“Trisha,” he drawled, “say the word and we shall flee this estate, right now. Let nothing restrain our love! We shall roam through the wildernesses, making passionate love like doe and buck.”
Trisha sought refuge behind her hands. “But…what about my chair? I could burden upon you to bundle it up and down stairs!”
“I’ll carry you!” he bellowed. Trisha let out a little gasp. Warmth flushed her neck, fine rose dusting her porcelain skin. “I’ll carry you slung upon my back like a bow, over endless terrain without tire. I shall worship your body every night, making you a bed of soft beaver pelts and rubbing tallow into your feet to keep them supple! I’ll make obsidian knives and hunt elk with my bare hands, all to bring you sustenance! We’ll live off the land, rutting like beasts with only the wind for company and the sky for shelter.”
“O, Redmond,” Trisha swooned.
Redmond could no longer deny the effect the lady was having on him, even in his riding breeches. His ladyfriends back in Memphis had reassured him that he was quite impressive, now he allowed his full girth to expand within the confines of his stiff cotton breeches. The lady gasped demurely, shading her blush with one hand. Redmond took her hand in his and held it emphatically.
“There must be no more secrets between our bodies,” he told her, before capturing her rosebud mouth beneath his own.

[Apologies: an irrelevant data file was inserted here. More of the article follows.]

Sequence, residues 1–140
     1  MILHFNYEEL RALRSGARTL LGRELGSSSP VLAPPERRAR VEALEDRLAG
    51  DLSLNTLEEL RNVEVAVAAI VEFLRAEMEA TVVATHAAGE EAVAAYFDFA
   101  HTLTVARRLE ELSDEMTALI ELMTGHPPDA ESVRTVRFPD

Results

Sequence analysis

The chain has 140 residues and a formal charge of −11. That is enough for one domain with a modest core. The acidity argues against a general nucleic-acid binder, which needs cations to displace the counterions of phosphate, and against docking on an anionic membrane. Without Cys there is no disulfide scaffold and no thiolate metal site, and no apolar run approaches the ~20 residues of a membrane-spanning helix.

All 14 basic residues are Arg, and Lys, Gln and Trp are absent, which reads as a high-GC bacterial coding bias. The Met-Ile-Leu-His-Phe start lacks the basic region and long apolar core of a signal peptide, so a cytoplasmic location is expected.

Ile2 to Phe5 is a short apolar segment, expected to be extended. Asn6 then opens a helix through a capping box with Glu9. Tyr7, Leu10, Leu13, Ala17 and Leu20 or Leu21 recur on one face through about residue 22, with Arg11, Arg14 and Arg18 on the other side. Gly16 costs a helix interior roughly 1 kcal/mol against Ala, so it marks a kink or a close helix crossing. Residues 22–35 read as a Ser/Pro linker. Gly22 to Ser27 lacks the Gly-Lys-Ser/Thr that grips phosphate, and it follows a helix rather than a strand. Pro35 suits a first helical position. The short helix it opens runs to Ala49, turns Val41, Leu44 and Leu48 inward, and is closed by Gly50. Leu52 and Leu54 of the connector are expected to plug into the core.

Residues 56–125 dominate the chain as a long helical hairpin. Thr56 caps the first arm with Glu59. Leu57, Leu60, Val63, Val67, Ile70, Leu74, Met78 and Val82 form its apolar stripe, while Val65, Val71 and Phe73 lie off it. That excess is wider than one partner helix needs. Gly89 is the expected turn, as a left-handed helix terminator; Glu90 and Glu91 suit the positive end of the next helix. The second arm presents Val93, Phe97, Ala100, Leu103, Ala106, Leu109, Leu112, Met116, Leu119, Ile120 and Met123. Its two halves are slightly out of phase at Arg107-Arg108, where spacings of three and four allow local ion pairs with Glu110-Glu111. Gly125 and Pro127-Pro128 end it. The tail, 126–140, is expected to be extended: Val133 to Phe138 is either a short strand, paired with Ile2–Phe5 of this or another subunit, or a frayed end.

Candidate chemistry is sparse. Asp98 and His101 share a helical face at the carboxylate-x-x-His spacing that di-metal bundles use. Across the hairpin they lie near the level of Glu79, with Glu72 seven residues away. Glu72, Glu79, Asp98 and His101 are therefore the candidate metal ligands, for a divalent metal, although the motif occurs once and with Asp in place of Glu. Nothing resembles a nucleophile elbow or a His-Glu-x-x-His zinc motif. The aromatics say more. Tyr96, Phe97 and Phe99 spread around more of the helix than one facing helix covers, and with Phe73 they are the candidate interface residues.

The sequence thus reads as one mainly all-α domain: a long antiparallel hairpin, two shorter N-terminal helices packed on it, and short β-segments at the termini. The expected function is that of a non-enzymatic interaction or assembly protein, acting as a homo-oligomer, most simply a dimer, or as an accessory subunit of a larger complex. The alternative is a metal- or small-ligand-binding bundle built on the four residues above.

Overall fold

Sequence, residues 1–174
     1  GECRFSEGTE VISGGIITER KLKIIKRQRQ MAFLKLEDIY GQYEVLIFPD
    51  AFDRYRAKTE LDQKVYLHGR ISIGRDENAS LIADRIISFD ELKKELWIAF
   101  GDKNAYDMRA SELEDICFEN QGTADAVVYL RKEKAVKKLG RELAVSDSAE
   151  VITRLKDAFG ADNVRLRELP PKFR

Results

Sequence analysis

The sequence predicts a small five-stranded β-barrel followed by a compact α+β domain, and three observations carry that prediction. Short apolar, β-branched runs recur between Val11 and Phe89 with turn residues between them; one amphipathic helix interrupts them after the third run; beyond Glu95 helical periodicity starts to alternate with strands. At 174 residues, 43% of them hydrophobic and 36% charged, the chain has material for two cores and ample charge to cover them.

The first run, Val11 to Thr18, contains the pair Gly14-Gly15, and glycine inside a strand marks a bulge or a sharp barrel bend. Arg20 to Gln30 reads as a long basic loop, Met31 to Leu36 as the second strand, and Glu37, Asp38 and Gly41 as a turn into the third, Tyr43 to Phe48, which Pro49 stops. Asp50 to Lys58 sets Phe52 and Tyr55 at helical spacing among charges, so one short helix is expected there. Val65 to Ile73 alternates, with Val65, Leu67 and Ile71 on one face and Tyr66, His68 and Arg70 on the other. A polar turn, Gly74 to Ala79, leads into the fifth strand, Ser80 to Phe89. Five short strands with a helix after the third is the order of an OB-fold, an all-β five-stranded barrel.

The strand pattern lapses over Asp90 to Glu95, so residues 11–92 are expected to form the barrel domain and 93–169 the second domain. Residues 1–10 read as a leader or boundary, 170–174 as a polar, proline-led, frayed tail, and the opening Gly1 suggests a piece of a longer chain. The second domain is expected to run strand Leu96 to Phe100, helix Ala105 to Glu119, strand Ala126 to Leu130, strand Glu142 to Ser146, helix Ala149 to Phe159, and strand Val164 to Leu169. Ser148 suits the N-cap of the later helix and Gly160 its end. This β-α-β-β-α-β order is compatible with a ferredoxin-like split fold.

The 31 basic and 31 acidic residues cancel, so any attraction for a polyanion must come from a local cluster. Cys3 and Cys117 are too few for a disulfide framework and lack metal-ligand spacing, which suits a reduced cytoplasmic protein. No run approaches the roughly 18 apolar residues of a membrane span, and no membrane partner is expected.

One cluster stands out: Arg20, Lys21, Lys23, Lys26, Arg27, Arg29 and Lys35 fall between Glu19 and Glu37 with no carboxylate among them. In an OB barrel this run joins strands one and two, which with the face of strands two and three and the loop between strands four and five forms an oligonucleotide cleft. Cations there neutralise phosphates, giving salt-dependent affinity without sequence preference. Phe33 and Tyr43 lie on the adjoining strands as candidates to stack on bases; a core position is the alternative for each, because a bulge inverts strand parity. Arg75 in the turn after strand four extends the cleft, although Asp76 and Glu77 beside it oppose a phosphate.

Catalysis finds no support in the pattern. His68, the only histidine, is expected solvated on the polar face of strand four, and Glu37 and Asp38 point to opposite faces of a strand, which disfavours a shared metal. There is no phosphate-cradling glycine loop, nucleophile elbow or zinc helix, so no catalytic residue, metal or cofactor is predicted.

Trisha swelled and heaved beneath him like a tiny sea. Her breasts were confined within her silk corset, his calloused hands made quick work of the lacing. Redmond’s injury from riding earlier in the day wasn’t the only thing that was throbbing. He scooped Trisha up with a squeal of protest or delight, he cared not which, and brought her to the carved stone bench that anointed the parapet. He strew Trisha out like straw, delighting in her windswept beauty.
“O, Redmond!” she gasped again. Her cheeks flushed and her eyes sparkled like fine violet wine, even her flawless mane had been knocked askance. Redmond was wearing a simple white pullover shirt whose collar was bound by three shell buttons, he unbuttoned them and then ripped the rest of it open, eliciting a gasp of delight from his lady. His physique would put some of the Greek statuary in her father’ study to shame, he mused for a moment on whether she had educated herself on the finer mysteries of malehood by their marble gaze.
He took her in, ruffled and lovely, a sculpture of creamy porcelain and auburn silk, of amethyst and sparkling white pearls. The smell of her femininity was overwhelming, for a moment he mistook it for a seaborne breeze.
“What?” she gasped, “oh, what is it Redmond? Why do you stare so?”
“I’m looking at the purdiest sight a man ever did see.” Redmond told her.
“Oh Redmond,” she gasped, “you’ve made me so happy!”
Something slippery twined around one leg. He looked down.
Her bottom limbs, once concealed by the skirt, now writhed free in her passion. The lady had sixteen tentacles of finest jade green, they pulsed with rugose passion as she bit her full lips.
“Oh Redmond!” she cried, “Redmond, you make me feel like a woman!”